Although the heroics of Team GB at London 2012 already feel like a long time ago, UPS, which was named logistics and express delivery partner to the Games in January 2009, doesn’t officially wrap up its involvement until the end of this month.

The winding down and effective closure of two warehouses, in Stevenage and the Port of Tilbury, will bring the curtain down on a supply chain that handled 30 million items, and dealt with everything from demanding broadcasters, to 2010’s ash cloud threat.

I predict a riot

Alan Williams, UPS director of London 2012 sponsorship and operations, is relaxed and personable when MT meets him in central London. However, listening to some of the hurdles his team had to overcome, one suspects even the urbane Williams must have come close to breaking point at times.

Williams explains the UPS Games mentality as “plan on the known knowns, and the known unknowns, as it’s the unknown unknowns that you’ve got to react to”.

One of these became known in 2010 when the Icelandic volcanic ash cloud shut down European airspace. However, it was something much closer to home that provided an unforeseen challenge ahead of a series of test events – the London riots of August 2011.

“The most serious impact this had was on the cycle road race. We were doing [crowd] barrier deployment through a subcontractor,” says Williams. Normally the barriers are deployed where required, ready for the appropriate road junctions to be closed on race day. But the police said to UPS that unsecured barriers could be missiles in the wrong hands. This was the Friday lunchtime with the test event set for Saturday.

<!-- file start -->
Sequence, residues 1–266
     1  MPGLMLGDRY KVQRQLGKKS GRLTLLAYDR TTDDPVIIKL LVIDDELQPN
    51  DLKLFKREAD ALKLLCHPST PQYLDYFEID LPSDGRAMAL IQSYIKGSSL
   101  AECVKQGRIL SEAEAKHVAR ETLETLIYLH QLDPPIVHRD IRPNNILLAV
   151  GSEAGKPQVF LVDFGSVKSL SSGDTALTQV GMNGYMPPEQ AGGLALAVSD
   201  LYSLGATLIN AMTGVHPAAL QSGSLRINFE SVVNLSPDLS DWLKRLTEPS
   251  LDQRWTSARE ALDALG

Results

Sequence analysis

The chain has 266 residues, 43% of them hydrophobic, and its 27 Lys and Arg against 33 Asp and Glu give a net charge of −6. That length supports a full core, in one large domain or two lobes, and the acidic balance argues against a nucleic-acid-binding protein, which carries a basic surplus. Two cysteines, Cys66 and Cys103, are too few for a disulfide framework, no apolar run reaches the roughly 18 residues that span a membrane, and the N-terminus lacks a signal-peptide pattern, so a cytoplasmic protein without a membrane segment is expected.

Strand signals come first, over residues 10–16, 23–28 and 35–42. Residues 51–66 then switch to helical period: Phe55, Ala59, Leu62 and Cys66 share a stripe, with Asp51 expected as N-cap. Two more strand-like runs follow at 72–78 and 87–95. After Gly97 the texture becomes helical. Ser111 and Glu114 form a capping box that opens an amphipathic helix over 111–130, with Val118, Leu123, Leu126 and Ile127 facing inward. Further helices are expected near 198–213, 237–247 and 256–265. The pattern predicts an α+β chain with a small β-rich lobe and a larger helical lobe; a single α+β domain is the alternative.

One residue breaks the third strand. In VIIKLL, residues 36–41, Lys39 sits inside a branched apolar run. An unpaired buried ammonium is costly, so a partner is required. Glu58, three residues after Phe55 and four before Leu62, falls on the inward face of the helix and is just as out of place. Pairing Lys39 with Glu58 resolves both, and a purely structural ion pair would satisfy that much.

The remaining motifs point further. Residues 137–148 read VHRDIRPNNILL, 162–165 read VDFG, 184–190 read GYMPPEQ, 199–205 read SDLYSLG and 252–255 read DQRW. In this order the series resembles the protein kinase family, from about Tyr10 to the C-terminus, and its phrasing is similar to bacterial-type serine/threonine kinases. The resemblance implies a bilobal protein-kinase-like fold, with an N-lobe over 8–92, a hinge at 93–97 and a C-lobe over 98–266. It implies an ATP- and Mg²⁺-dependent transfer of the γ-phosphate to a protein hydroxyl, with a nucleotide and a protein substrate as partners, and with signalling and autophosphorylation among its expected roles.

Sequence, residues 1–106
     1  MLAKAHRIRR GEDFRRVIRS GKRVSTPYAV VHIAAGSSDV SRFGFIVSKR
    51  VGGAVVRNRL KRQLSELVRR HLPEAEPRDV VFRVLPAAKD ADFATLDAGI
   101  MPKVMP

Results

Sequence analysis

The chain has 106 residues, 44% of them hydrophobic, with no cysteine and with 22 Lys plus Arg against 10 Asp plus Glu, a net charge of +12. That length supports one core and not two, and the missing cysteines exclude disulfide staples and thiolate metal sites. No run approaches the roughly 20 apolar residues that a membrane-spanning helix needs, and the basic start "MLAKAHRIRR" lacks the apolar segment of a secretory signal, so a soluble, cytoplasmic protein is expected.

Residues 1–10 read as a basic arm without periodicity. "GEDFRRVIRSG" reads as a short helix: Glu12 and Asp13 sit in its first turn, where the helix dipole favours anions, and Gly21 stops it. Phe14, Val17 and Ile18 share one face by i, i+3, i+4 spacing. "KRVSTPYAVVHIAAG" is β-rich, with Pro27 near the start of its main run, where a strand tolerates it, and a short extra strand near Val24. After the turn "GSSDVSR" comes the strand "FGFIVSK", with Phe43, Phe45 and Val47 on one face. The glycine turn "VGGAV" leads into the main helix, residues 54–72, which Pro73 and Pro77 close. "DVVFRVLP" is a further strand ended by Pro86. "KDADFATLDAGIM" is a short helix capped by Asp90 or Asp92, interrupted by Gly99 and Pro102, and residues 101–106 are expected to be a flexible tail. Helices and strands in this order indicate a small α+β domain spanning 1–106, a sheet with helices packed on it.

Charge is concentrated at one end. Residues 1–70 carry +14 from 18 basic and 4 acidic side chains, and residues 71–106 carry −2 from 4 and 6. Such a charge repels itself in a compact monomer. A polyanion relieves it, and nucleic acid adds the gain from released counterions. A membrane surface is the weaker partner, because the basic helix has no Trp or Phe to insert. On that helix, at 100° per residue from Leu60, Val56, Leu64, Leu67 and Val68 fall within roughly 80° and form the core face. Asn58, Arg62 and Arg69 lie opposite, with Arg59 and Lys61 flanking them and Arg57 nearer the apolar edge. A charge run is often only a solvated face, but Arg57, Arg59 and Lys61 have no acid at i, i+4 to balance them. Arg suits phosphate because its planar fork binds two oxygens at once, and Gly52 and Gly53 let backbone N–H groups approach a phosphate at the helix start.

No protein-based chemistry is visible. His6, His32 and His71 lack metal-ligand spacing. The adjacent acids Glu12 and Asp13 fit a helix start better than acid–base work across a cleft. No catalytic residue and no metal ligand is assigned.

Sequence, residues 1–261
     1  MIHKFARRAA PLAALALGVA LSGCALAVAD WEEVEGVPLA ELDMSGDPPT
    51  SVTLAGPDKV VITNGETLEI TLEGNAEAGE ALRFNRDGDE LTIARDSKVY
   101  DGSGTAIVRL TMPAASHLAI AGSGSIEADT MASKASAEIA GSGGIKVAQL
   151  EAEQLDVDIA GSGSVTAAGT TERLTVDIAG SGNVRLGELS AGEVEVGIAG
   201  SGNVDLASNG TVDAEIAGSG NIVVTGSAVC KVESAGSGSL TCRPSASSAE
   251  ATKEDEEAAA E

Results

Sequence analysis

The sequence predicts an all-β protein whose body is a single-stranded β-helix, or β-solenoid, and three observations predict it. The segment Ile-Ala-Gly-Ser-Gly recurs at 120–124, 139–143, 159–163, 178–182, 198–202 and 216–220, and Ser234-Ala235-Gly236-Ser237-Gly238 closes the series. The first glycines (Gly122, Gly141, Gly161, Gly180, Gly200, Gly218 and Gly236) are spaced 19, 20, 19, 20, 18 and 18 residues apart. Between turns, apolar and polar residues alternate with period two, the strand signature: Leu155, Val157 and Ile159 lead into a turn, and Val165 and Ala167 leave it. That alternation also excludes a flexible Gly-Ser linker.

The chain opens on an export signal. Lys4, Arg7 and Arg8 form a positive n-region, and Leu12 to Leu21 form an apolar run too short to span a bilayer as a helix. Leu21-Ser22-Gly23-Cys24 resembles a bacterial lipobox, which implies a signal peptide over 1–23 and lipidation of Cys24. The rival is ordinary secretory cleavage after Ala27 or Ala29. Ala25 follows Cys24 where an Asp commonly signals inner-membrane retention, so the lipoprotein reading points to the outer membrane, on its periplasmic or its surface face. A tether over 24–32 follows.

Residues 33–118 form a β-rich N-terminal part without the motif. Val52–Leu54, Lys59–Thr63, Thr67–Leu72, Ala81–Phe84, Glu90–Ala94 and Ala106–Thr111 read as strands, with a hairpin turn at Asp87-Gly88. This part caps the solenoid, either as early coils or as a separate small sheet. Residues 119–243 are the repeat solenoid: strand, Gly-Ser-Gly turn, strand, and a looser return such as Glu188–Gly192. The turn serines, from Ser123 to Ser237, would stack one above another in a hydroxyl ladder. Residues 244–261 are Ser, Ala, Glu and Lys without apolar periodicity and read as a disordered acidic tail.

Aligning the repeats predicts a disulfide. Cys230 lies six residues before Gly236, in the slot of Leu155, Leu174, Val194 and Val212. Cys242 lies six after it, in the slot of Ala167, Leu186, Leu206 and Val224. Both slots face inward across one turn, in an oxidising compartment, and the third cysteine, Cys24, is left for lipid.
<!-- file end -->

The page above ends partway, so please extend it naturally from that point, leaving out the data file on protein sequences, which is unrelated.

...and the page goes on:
“So Friday afternoon we bought 3.5km of marine chain from a factory in Birmingham, collected it and brought crews in to cut it into 4m lengths. We bought every padlock we could in the South East, and on the Saturday morning we went out and started chaining barriers. We stood that team down, and at 3am the next day had another team cut the chain on the barriers so they could be deployed,” Williams says.

Demand troughs

At peak, UPS had 1,300 people on its Olympics team. There were 36 competition venues nationally but 184 locations in all. UPS ran its Olympics programme separately to its day-to-day business and, at its busiest time, had an Olympic fleet of up to 70 tractors, 80 18-tonne rigids, and 50 other vehicles. This included a range of green vehicles, such as 10 bio-methane trucks that now operate in the day-to-day operation, electric vehicles, and three bespoke Fuso Canter hybrid’s for the media.

“We did a bit of everything as there was no one solution for people and equipment [on this scale].

UPS olympic van

The fleet size needed was based on peak times, so there were certain times in the programme that we had demand troughs. So what we did with that fleet, how we used it for other things at those times, meant it was a dynamic model,” Williams says.

When the Paralympics finished, UPS faced bump out. While it had nine months to bump in the required equipment, from furniture (that came flat packed and had to be assembled for the Athletes’ Village), to computers, sports equipment, programmes and merchandising, it had just two months to take it out.

Long-term gain

“We’re really pleased with how it worked operationally,” says Williams. “It worked as we hoped and we didn’t make the front pages [for the wrong reasons].

“We were there as a sponsor to showcase our operational expertise, this equals growth and the growth we’ve experienced as part of the Olympics has been what we needed it to be,” he says.

Political engagement and night-time deliveries, will be the enduring benefit for road transport as a whole.

On a personal note, Williams has his own favourite memory. “It was really cool seeing UPS trucks coming out of the Tower of London every morning loaded with medals for the athletes,” he says.